Physics Department Seminar: Prof. Klaus-Dieter Weltman, Leibniz Institute for Plasma Science and Technology e.V.

Plasma Sources in life science

Wednesday, December 4, 2013 ( 11:00 am to 1:00 pm )

Location: Morton 103


Plasma applications in life science gain more and more interest. However, concepts of tailor-made plasma sources which meet the technical requirements for biomedical devices are still insufficiently developed. Especially for therapheutic purposes the proposed selectivity of plasma action implies an accurate control of the performance parameters of the plasma sources regarding the treatment efficiency as well as potential risks connected with the direct application of plasma to cells or living tissue. In this context, plasma sources are mostly characterized with regard to special biological effects, e.g. antimicrobial efficiency or cell manipulation, to evaluate potential therapeutic benefits and specific adverse or toxic side effects in the close cell and tissue environment. But it is also essential to perform a comprehensive assessment of the general risk factors to clarify minimum standards for plasma sources for biomedical applications and for comparison of different sources. From the present point of view such risk factors are plasma temperature, thermal load, UV radiation, electromagnetic fields, radicals and the generation of toxic gases. The mix of these parameters has to be adapted individually for each application. This is not only true for biomedical issues, but also for other applications like exhaust gas cleaning. 

Regarding the manageability in everyday medical life, atmospheric pressure plasma jets (APPJ) and dielectric barrier discharges (DBD) are of special interest. But the determination of discharge development and plasma parameters is sometimes challenging, due the high complexity and limited diagnostic approaches – the plasmas are usually small scale, constricted or filamentary, and transient. Furthermore, working on open air atmospheres, an input of nitrogen, oxygen and water implying complex plasma chemistry must be expected. Therefore, a great deal of effort combining experimental investigation and modeling will be necessary to provide the required knowledge on plasma sources for biomedical applications. The talk gives an overview about the use of plasma sources in general their characteristics and special applications in life science.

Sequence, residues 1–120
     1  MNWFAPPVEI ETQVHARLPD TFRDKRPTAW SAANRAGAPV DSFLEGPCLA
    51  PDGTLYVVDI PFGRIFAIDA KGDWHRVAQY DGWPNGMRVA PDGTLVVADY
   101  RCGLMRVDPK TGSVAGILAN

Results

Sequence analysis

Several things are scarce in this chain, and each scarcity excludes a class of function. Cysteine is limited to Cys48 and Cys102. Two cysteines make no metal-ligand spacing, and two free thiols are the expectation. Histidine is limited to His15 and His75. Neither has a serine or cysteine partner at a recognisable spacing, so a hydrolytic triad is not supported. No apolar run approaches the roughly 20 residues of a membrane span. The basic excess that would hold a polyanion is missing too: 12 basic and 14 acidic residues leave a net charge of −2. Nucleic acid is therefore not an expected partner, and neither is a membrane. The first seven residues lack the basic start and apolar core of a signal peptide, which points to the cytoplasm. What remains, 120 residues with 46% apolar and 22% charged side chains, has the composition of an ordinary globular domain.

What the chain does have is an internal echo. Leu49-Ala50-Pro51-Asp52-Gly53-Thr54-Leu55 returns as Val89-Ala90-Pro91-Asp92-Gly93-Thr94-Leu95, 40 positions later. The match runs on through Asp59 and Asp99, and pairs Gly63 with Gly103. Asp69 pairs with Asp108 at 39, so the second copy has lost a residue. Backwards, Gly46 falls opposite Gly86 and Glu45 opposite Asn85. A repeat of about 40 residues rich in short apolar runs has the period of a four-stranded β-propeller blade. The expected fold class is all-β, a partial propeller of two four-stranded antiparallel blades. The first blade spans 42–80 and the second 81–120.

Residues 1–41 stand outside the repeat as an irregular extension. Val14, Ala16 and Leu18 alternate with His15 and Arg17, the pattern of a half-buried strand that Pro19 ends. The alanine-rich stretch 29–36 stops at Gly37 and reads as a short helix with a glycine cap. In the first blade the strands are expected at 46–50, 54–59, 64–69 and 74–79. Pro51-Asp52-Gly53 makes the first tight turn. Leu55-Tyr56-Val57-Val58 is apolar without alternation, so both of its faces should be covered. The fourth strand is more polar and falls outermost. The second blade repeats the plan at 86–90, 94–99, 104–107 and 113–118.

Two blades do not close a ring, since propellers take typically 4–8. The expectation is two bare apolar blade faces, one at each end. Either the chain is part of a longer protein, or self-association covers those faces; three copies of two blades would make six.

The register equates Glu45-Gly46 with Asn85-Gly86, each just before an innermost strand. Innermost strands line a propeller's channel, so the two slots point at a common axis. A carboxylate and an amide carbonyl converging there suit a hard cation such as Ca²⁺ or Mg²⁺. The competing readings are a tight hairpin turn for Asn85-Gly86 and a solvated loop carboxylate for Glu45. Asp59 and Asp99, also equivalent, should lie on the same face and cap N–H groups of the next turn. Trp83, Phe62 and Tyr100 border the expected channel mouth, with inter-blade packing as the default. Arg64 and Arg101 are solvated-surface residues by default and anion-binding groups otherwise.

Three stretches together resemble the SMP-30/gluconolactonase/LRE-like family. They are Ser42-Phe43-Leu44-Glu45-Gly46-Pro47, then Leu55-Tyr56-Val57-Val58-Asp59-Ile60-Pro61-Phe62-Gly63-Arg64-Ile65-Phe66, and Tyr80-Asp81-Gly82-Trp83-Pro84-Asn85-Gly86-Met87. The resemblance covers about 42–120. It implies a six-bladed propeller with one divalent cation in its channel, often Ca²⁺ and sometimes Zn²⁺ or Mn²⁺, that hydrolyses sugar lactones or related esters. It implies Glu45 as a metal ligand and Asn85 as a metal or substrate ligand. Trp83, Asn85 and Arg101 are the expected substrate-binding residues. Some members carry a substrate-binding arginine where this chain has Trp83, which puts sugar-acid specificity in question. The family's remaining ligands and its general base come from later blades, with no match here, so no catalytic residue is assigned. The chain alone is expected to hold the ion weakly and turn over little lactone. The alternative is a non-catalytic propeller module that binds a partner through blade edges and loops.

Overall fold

Klaus-Dieter Weltmann received the diploma degree in electronics and the doctorate degree (Dr. rer. nat) in applied physics from the University of Greifswald, Germany, in 1989 and 1993, respectively. He worked on nonlinear dynamics in low temperature plasmas and plasma diagnostics. In 1994, he was Visiting Scientist at the Plasma Physics Laboratory, West Virginia University (USA). In 1995, he joined ABB Corporate Research Ltd., Baden-Dättwil, Switzerland, working in the development of high-voltage (HV) and medium-voltage (MV) switchgear. In 1998, he became the head of High Voltage Systems Group, ABB Corporate Research Ltd. In 2000, he was appointed to lead R&D of Gas Insulated Switchgear (GIS, PASS) at ABB High Voltage Technologies Ltd., Zurich, Switzerland, 2002 he became Business Unit R&D Manager GIS. Since 2003 he is director of the Leibniz Institute for Plasma Science and Technology e.V. (INP Greifswald) as well as professor for experimental physics at the Ernst-Moritz-Arndt-University Greifswald. His present research interests include MV and HV switchgear, gas discharges at atmospheric pressure, nonlinear dynamics, and plasma medicine.